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US Treasury to Discuss Crypto Concerns at Congressional Hearing

US Treasury to Discuss Crypto Concerns at Congressional Hearing

Hongji Feng

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| 2 min read


Source: DALL·E

The United States Treasury is gearing up to address Congress on the emerging challenges posed by cryptocurrencies to existing financial regulatory frameworks.

In his prepared testimony for the House Financial Services Committee, Brian Nelson, Treasury’s Under Secretary for Terrorism and Financial Intelligence, planned to detail the agency’s concerns regarding the use of virtual assets in illicit financial activities.

Nelson Highlights Treasury’s Focus on Illicit Finance

“Treasury is deeply concerned about the use of virtual assets for all illicit financial activity,” said Nelson. “We have been working for over a decade on implementing an AML/CFT framework for digital assets that mitigates illicit finance risks while promoting responsible innovation.”

According to Nelson, the Terrorism and Financial Intelligence unit have been monitoring the evolving tactics and technologies utilized by unlawful groups to generate and transfer funds.

“While we continue to assess that terrorists’ use of digital assets remains a small fraction of more established mechanisms to move money,” said Nelson. “We recognize that terrorist groups have and may continue to turn to digital assets to raise, transfer, and store their illicit proceeds.”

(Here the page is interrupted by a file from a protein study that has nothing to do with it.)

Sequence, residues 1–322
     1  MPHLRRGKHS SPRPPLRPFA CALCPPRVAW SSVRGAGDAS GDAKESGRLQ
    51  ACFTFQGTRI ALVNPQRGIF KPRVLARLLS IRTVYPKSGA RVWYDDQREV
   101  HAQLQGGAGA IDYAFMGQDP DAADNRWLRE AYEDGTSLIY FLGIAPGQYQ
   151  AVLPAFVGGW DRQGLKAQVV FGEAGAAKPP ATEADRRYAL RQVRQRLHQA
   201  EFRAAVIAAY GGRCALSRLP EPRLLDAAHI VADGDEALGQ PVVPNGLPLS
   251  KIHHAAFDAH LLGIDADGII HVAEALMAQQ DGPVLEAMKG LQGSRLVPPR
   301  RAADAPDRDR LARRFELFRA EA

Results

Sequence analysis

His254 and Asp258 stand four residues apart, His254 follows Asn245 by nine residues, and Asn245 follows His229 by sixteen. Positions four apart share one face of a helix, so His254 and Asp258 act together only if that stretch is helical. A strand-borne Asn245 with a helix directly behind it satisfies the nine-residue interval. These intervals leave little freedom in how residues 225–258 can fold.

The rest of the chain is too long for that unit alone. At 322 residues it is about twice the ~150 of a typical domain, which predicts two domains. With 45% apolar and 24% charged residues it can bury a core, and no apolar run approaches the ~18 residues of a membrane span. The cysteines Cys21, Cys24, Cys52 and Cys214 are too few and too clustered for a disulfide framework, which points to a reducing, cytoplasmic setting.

Nelson demonstrated the unit’s particular emphasis on Hamas-related activities, saying, “Such as our recent multilateral action against several of Hamas’s funds transfer networks that relied on several key exchanges to funnel proceeds to the group.”

Blockchain Association Raises Concerns Over Warren’s Proposed Bill

U.S. Senator Elizabeth Warren introduced the Digital Asset Anti-Money Laundering Act of 2023 (DAAMLA), a bill that has stirred significant debate within the crypto community.

Garnering the support of 19 other Senators as co-sponsors, the bill was intended to strengthen regulations around the use of digital assets in illicit finance.

The Blockchain Association expressed its concerns through a letter to the House Financial Services Committee and Senate Banking Committee, marking the second time the association has reached out to lawmakers.

“The Digital Asset Anti-Money Laundering Act (DAAMLA) risks our nation’s strategic advantage, threatens tens of thousands of U.S. jobs, and bears little effect on the illicit actors it targets,” said the Association.

The Association argued that Warren’s allegations overlooked the substance of their arguments and unfairly questioned the motivations of numerous U.S. military and intelligence veterans involved in the discussion.

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